I spent most of last Friday painting the farm Koornkloof (“Wheat ravine” I think) deep in the heart of the Rooiberg mountains East of the town of Garies in the Northern Cape. The dominant peak is a Rooiberg (or is it Roodeberg?), a massive pyramid of red granite that is covered in snow in the winter. Both “rooi” and “roode” mean “red”. Koornkloof is in a narrow valley below beautiful blue and red boiler plate slabs of granite. There is a river flowing through the valley with, I suspect, a large catchment area to the North. So it is a fertile and well watered corner. I remembered large trees from the last time I was there but on this occasion, as I came round the corner my breath was taken away by a stand of massive fruit trees in full blossom. I think they were apricot trees but never before have I seen such big fruit trees. There were about twenty trees or more and each tree must have been 20m high. At first I thought they were great white rocks. Next to this copse was a stand of poplars that were even higher, leafless in their winter way. This is what I had come to paint. I worked on half size Arches 300gm cold press (380x570mm) which may have been a mistake as it took a long time to get the colours down. But it was fun to sit in the warm sun. While I was painting, a vicious looking beetle, black, with white spots on its back was working a grid up and down the embankment towards me. When it got close enough I threw dirt clods at it. It turned on me, then thought better of it and scuttled off into the bush. I think they are called Tiger Beetles. Here is the first watercolour:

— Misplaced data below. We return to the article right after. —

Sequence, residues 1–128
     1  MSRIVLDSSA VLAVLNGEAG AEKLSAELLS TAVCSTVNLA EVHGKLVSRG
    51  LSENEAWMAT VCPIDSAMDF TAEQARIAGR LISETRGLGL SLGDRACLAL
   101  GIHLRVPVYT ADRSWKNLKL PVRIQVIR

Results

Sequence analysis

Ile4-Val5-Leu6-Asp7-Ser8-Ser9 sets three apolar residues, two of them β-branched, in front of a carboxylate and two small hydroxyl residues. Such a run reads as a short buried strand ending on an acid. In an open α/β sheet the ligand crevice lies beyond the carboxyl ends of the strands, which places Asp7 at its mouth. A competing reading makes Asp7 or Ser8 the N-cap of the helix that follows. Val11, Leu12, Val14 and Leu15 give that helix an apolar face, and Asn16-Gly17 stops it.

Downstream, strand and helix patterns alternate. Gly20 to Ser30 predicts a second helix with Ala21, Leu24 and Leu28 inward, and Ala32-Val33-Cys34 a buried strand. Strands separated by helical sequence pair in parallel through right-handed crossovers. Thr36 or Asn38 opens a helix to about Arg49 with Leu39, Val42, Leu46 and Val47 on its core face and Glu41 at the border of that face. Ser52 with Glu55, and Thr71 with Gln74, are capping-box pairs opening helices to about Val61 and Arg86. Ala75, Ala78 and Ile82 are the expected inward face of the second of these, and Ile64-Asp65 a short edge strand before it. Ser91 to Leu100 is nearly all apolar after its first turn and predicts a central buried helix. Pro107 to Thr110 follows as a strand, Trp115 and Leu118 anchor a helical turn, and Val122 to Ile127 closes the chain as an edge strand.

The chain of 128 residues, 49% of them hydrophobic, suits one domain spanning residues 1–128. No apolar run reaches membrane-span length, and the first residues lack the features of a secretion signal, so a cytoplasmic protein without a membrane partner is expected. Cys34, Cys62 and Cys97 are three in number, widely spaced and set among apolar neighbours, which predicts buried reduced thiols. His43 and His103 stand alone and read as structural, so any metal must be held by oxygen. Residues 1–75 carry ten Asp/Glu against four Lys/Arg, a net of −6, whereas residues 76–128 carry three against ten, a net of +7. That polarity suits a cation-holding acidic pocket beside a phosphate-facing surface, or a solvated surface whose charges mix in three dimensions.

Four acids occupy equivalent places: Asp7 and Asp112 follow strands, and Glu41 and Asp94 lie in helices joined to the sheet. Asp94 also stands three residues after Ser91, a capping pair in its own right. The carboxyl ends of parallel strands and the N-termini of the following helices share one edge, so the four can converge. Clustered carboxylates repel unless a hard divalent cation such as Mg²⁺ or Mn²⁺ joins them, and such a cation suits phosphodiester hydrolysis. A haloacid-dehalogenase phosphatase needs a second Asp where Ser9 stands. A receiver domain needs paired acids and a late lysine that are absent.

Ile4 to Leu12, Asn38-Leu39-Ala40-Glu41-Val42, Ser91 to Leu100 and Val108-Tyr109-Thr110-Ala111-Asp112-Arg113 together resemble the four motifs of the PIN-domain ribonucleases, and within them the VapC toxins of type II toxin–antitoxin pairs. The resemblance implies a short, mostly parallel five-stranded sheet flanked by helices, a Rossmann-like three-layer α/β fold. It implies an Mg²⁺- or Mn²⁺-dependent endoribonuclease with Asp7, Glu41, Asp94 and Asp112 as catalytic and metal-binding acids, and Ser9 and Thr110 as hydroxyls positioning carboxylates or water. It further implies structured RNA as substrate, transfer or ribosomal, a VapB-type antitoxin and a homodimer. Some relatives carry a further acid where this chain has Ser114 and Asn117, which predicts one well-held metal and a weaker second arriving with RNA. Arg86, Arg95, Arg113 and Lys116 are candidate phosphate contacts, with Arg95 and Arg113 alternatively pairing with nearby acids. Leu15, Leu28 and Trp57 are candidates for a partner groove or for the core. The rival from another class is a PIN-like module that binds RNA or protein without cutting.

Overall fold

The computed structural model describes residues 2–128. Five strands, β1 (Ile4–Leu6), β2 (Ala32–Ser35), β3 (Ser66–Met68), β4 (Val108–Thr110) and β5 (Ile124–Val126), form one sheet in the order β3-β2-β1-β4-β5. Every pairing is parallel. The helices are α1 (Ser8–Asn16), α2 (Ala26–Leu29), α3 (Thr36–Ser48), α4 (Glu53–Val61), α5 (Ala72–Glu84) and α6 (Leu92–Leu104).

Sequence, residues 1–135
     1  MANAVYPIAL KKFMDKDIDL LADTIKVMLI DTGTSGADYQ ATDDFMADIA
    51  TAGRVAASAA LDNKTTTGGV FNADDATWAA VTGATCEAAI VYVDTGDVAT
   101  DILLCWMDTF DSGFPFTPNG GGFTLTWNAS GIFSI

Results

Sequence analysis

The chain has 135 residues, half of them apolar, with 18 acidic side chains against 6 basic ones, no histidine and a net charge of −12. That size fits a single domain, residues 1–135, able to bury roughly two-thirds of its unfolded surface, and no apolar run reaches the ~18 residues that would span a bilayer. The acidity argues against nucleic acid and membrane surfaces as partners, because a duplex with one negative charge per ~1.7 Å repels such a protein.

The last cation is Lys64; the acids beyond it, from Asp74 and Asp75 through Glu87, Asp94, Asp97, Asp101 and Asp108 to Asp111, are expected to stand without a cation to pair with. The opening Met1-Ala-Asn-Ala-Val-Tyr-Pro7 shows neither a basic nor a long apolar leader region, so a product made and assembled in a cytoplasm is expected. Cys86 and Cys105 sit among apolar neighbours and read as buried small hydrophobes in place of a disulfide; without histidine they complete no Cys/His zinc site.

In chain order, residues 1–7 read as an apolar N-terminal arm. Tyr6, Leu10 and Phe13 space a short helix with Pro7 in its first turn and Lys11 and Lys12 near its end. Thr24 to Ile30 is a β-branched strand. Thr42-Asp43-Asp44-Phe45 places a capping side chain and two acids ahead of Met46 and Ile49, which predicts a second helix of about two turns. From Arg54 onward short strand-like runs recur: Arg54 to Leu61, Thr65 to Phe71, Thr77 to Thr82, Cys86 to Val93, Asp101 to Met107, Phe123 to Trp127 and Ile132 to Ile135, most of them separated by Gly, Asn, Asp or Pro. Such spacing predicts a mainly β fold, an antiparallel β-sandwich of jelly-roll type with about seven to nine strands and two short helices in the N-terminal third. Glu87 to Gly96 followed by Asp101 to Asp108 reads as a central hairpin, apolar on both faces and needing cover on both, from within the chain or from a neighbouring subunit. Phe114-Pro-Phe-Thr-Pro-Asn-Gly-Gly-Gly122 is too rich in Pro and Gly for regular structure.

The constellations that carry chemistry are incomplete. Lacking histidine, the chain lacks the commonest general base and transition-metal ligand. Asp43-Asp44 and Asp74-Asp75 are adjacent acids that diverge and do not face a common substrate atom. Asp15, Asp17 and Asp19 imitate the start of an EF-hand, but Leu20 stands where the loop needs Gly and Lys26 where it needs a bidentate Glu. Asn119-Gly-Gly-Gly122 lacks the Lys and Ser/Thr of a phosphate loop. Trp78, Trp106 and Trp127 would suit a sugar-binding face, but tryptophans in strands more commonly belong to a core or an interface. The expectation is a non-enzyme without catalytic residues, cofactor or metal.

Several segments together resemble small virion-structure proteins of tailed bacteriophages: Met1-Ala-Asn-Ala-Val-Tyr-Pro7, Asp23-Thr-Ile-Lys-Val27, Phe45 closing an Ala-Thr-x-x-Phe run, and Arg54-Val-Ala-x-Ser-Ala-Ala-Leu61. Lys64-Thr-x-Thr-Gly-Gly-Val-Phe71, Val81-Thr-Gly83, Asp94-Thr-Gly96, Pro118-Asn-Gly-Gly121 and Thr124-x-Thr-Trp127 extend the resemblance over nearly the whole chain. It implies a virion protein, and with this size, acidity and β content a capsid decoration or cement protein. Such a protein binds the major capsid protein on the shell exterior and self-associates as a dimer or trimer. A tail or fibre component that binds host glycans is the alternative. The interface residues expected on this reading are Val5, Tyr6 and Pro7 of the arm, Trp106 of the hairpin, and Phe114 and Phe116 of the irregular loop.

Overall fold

The fruit-trees are off to the right.
I then went down to the other side of the farm and did this watercolour:
I was running out of time and getting tired so I tried to do this more quickly. One day I would love to get permission to paint from the farm property. I did not have the reserves to take the risk of asking farmers, who may be tired of tourists bugging them in the flower season. Though I think they are friendly on that farm. While I was there, two of their dogs came to visit, a large white Greyhound and a little Jack Russel and both were very friendly – dogs are a kind of give away.
When I was finished at Koornkloof I went further into the mountains to visit a B&B that had a signpost up. I mentioned to Cecily that I would try to find a place or make contact with the locals to bring some watercolourists out here one day. Well, I met the locals but in an unexpected way. A story for my next post.